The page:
over-billing, most patients will just assume that the insurer is
    trying to save money in ways that will lower the quality of
    Also, an insurer that begins to publicly question what a hospital is doing is likely to lose its contract with the’
    brand-name provider that it needs in its network.

  7. Maggie,
    Thanks for that clarification. I went into denial for a few minutes. These preferred, preferred providers thus trump big insurance, yet it’s often a combined effort!
    >>>>>If an insurer suggests that a highly-regarded hospital is over-billing, most patients will just assume that the insurer is trying to save money in ways that will lower the quality of

    Sounds like capitulation to a vast abuse of our most priceless asset. How sad….


  8. Hi there,

    Love the opening lines of this post: Why do some hospitals and doctors charge far more than others for exactly the same routine procedure?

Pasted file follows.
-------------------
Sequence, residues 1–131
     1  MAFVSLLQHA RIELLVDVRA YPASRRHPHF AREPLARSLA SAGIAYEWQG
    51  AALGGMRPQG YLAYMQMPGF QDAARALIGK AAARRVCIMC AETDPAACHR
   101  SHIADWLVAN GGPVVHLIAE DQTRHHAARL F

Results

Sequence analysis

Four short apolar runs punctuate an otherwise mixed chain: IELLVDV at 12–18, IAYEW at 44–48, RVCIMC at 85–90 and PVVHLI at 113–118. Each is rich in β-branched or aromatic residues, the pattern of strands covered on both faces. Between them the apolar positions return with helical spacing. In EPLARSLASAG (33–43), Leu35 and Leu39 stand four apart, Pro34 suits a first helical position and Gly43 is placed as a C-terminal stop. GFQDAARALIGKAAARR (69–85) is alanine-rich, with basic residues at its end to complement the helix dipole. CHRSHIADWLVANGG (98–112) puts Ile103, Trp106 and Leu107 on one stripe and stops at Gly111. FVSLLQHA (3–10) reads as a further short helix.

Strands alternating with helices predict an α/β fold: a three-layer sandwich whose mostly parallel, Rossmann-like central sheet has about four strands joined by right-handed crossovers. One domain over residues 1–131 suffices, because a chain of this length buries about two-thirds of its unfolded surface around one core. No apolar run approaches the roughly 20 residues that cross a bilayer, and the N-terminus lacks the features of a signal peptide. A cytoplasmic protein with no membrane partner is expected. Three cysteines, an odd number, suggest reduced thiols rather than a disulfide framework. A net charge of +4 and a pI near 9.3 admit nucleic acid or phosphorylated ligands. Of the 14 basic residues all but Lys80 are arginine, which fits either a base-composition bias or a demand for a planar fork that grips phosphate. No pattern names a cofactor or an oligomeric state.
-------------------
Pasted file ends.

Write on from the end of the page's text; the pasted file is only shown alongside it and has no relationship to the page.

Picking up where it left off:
“Because they can; it’s not any more sophisticated than that,”

    There is an old joke that has the same answer to a different question: ‘What does a dog lick its genitals?’

    Sorry if that’s too risque but I am a Provocative Therapist after all.

  9. I believe that California has laws to limit the extent of balance billing in hospitals. This would protect any patient from being hit with huge, undisclosed, unstoppable charges from out of network price-gougers,

    California also has a wonderful law called AB 774, which limits hospital charges to any uninsured person to bascially the Medicare fee schedule. (if the patient has family income less than 350% of poverty.) MN, IL, CT and NY have similar laws

    We also need ‘Health Courts’ where price gouging can be challenged, and where administrative judges have the authority to reduce overcharges.

    Bob Hertz, The Health Care Crusade

  10. Maggie:

    We have communicated for years now and normally I would have gone to my typical doctor if he was in the office.